To help you feel confident at every step of the journey, we’ve broken down some commonly used industry terms.
You might hear this term when talking about your new home’s insulation. Acoustic batts are a type of high-density sound insulation, designed to reduce noise in your new home.
This is a report that is usually associated with town planning applications and involves an assessment completed by an arborist that outlines potential hazards. The reports are usually prepared within one week of being commissioned, but the time and cost vary depending on the number of trees being assessed.
When you are financing a new home, your lender will need to order an appraisal of the property. It is a market indication, not a valuation. As the home isn’t built yet, they rely on construction plans and builder specification sheets to do so.
Allowances refer to additional costs that are in excess of your fixed-site costs. This includes unforseen issues such as landscaping.
Asset protection provides you with cover for any damage done to council assets by your demolition or construction. You will need to get an asset protection permit from your local council before commencing works.
The stage where your block of land gets prepped and ready to build on. Temporary fencing will be installed, the site gets excavated and the underground connections get laid. This stage is complete once the concrete slab is poured.
Brick veneer is a brick wall with timber frame and plaster walls. This is generally the normal construction method.
Bushfire Attack Level (BAL)
BAL refers to the Bushfire Attack Level and has been devised to improve the ability of a building to withstand a bushfire attack. Your BAL may change once an on-site assessment is completed. The BAL level of your land will determine the requirements for your protection from bushfire. Areas with a BAL rating above 40 are considered too risky to build in.
These refer to the building permits you need to obtain from your surveyor in order to proceed with your new home build. In QLD these permits usually come from your local council.
Certificate of Occupancy (CO)
A document issued by your local council or surveyor certifying a building's compliance with building codes and other laws, and indicating it to be in a condition suitable for living in.
Any changes you make after construction will not only affect the cost of your home, but requires official documentation of the requested change. It ensures all parties have a clear understanding of the scope and cost of the change. This includes any variations post contract.
Compaction, cut and fill
Compaction is the compacting of existing fill on your site and/or fill placed on your site as a result of any cut and fill needed on your site. Cut and fill is the actual process of moving earth from one place to another to make the ground more level. A cut is made when earth is cut from above the desired ground height; a fill is when earth is used to fill a hole to the desired ground level.
The person who plans, organises and controls the whole build project, including completing inspections and supervising the construction team. The construction supervisor is your point of contact on site.
A specialised person who will organise the project, overseeing and managing the entire job from purchasing materials to hiring sub-contractors like carpenters, builders, painters, etc.
A conveyancer or legal practitioner is a professional who specialises in home building, and can assist with buying, selling, transferring, refinancing, subdividing and other legal matters in relation to property transfers.
Council guidelines refer to building legislation, guidelines and permits that you’ll need to consider before building a new home.
Customer Relationship Coordinator (CRC)
When you build with Simonds, you’ll be assigned a Customer Relationship Coordinator who will be your point of contact once your home build begins. The CRC is your point of contact after sales accept (contract signing).
The removal of existing structures from your home site such as an established home, garden, sheds and pathways.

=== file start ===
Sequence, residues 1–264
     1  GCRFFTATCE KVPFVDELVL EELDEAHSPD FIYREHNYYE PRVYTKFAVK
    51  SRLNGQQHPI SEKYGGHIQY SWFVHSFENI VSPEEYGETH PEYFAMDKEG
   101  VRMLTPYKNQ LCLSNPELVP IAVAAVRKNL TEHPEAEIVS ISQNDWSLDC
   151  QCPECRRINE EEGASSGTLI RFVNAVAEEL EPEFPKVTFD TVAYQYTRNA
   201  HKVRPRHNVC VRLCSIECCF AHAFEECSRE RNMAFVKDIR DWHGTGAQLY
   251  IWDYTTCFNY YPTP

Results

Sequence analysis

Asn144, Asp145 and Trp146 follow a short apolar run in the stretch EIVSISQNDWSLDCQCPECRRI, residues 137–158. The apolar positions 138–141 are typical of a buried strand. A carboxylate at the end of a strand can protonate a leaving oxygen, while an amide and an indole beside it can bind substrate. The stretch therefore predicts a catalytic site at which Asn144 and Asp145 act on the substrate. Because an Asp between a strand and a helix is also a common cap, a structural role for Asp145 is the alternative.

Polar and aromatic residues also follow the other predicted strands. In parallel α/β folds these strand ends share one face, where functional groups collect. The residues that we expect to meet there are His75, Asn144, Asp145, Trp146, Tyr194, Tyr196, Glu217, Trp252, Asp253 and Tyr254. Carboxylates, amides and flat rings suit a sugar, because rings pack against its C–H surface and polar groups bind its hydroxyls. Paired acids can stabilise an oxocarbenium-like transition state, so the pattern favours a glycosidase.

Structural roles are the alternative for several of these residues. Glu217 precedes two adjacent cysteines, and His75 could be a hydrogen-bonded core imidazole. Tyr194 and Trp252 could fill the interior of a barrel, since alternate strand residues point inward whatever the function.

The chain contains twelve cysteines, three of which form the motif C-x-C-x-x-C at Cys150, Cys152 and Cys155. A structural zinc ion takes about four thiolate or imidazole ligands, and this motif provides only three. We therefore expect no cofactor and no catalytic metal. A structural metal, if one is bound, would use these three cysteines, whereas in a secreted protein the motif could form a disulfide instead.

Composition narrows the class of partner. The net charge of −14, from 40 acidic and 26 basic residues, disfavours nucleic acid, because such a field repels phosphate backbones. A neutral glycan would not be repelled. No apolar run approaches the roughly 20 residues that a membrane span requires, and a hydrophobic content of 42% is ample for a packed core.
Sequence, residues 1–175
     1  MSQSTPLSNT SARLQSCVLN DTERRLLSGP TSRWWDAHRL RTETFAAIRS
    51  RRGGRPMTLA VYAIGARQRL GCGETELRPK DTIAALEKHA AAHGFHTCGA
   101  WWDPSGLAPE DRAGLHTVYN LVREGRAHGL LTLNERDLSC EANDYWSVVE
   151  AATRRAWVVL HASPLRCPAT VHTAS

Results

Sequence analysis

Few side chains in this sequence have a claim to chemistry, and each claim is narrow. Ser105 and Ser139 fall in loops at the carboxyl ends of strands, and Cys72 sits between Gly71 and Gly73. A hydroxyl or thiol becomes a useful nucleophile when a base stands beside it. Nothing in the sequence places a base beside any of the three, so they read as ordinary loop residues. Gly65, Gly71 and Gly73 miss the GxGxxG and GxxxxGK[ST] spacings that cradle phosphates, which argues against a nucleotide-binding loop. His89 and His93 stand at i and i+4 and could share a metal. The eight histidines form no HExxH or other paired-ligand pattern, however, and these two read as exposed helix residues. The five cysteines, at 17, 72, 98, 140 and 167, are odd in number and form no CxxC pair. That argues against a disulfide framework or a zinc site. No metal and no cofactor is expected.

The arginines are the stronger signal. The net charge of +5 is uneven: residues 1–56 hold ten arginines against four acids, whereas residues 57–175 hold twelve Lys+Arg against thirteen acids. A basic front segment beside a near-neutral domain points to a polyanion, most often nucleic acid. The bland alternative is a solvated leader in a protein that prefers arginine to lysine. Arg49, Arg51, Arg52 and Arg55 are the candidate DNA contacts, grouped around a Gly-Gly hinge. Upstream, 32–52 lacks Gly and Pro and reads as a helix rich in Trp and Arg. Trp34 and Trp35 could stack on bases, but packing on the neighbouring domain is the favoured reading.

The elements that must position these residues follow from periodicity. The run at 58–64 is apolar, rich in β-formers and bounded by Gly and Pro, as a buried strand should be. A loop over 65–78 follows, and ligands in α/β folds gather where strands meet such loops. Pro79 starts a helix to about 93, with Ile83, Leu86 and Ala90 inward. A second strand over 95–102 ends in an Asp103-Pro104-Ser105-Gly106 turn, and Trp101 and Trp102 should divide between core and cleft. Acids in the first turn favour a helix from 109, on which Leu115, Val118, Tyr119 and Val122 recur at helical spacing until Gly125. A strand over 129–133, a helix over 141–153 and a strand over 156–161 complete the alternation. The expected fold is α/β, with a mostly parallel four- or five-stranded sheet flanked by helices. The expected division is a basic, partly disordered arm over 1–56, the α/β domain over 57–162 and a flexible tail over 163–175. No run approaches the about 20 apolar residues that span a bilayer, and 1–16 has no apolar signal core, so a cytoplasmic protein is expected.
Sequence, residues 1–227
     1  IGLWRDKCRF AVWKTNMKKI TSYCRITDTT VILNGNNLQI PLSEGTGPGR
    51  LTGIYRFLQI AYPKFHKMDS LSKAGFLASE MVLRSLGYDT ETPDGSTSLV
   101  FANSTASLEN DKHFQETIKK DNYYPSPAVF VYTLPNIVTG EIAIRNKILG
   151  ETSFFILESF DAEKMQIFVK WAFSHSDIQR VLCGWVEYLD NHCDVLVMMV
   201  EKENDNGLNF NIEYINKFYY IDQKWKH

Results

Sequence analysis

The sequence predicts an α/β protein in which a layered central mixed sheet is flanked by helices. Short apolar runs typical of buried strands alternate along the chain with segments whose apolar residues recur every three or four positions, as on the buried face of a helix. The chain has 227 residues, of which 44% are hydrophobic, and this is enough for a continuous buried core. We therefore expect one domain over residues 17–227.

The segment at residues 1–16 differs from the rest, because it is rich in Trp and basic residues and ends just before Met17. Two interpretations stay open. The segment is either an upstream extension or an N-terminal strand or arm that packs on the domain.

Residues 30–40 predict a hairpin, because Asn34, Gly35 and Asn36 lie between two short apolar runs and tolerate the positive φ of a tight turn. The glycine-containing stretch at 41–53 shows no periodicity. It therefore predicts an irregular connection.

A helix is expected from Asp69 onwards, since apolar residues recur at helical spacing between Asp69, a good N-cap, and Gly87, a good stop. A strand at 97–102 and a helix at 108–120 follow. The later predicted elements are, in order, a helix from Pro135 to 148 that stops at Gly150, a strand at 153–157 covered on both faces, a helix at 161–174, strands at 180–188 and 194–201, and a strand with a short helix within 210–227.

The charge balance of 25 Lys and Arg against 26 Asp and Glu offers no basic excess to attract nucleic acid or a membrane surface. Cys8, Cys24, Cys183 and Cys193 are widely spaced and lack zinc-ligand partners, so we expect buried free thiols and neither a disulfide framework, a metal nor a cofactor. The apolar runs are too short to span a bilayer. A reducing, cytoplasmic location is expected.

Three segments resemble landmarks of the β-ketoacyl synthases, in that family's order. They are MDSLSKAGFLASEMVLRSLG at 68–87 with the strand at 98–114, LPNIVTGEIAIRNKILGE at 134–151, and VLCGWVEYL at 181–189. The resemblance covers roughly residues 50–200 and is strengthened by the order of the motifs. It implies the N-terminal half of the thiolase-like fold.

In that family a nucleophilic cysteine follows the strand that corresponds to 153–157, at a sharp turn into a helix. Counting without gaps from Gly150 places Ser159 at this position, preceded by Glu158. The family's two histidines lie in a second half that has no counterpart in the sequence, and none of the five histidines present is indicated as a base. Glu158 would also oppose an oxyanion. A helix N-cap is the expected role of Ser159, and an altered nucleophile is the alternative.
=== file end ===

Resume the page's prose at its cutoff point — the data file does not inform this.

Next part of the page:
Developer approval guidelines
Developer approval guidelines are set by the developer of an estate to ensure every home built within the estate has a consistent look and feel. These can affect your facade colour and material selections.
This is initial payment of your new home to secure it. Down payments are expressed as percentages, and the rest of the balance comes from your mortgage.
Double handling is when site access restrictions require delivered building materials to be handled more than once, such as the carting of materials around the site.
Double glazed windows
Double glazed windows consist of two glass panels approximately 3-4mm thick with a 10mm gap between them. They are generally used for energy efficiency and noise reduction.
Dual occupancy refers to two dwellings on one block of land that are attached to each other.
An easement is a section of land registered on your property title which gives someone the right to use that land for a specific purpose, such as the council using it for access to sewage. This means that we can't build any permanent structures on an easement.
A new home’s energy rating refers to the index of the building’s performance index, such as heating and cooling requirements. The accepted energy rating for most homes is 6 stars.
A home’s facade refers to the principal front of a building, that faces out to a street or open space.
A professional who can advise, suggest and render financial services to customers based on their financial situation. Our team can tailor a solution to suit your needs and budget, as well as take the hassle out of home loan applications.
First Home Owner Grant
The First Home Owner Grant is a national scheme funded by the government to help offset the effect of GST on home ownership. Find out more
When you see your colour selections come to life. We paint your home, install tiles, bench tops, shower screens, mirrors, and doors. Plumbing and electrical connections will also be fitted at this stage.
Fittings and fixtures
Fittings and fixtures refer to the things inside and outside of the home, separate to the house itself. Common examples of fixtures are lighting, floor boards, carpet and dishwashers.
Fixed rate mortgage
A fixed rate mortgage is a mortgage that has a fixed interest rate for the entire term of the loan. The benefit of a fixed rate mortgage for home owners is that you won’t have to contend with varying loan payment amounts that fluctuate with interest rate movements.
Fixed price package
This refers to a home and land package with a fixed price, meaning there will be no additional costs along the way. It also means that the scope of the house is locked in and changes cannot be made.
During this stage we begin fixing everything into position, completing all internal plaster, architraves, shelving and skirts, and cabinets and cupboards to your kitchen.
Flame Zone (FZ)
Flame Zones refer to areas where the fire risk is too high to build new properties or developments. Flame zone is a component of bushfire ratings.